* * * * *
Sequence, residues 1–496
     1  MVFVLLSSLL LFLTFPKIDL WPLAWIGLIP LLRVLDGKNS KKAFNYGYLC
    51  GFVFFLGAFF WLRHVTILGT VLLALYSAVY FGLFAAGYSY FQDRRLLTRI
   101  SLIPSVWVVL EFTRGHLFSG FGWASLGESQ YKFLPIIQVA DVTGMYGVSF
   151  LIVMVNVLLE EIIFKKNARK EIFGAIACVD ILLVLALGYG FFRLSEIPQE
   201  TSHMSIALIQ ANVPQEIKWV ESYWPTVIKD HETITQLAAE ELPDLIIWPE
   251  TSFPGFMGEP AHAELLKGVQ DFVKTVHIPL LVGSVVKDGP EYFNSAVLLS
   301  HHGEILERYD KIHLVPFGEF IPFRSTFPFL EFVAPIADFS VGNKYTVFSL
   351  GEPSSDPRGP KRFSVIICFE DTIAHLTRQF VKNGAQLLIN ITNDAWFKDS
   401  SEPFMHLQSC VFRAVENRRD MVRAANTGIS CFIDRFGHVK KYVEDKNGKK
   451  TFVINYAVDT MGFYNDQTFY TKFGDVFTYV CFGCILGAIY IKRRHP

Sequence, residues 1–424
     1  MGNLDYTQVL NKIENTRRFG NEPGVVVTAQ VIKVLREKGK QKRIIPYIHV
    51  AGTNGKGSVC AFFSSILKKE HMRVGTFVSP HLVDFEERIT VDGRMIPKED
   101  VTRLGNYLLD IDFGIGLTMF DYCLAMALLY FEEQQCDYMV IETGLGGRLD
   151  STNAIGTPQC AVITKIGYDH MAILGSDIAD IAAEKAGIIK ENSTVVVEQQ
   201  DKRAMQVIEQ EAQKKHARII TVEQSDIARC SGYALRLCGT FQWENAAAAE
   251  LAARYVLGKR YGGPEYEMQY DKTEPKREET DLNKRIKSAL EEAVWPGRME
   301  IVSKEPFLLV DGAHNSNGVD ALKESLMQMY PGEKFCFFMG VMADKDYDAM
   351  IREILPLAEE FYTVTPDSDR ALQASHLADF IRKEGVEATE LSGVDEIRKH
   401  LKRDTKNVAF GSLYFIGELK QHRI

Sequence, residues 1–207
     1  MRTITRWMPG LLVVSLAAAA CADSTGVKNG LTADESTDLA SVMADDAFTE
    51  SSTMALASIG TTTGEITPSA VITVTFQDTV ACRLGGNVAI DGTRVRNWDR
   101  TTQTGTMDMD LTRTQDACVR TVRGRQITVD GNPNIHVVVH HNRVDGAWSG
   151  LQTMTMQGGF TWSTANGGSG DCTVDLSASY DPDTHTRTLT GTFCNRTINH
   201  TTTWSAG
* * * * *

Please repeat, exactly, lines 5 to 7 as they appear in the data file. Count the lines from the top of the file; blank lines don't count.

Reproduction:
   151  LIVMVNVLLE EIIFKKNARK EIFGAIACVD ILLVLALGYG FFRLSEIPQE
   201  TSHMSIALIQ ANVPQEIKWV ESYWPTVIKD HETITQLAAE ELPDLIIWPE
   251  TSFPGFMGEP AHAELLKGVQ DFVKTVHIPL LVGSVVKDGP EYFNSAVLLS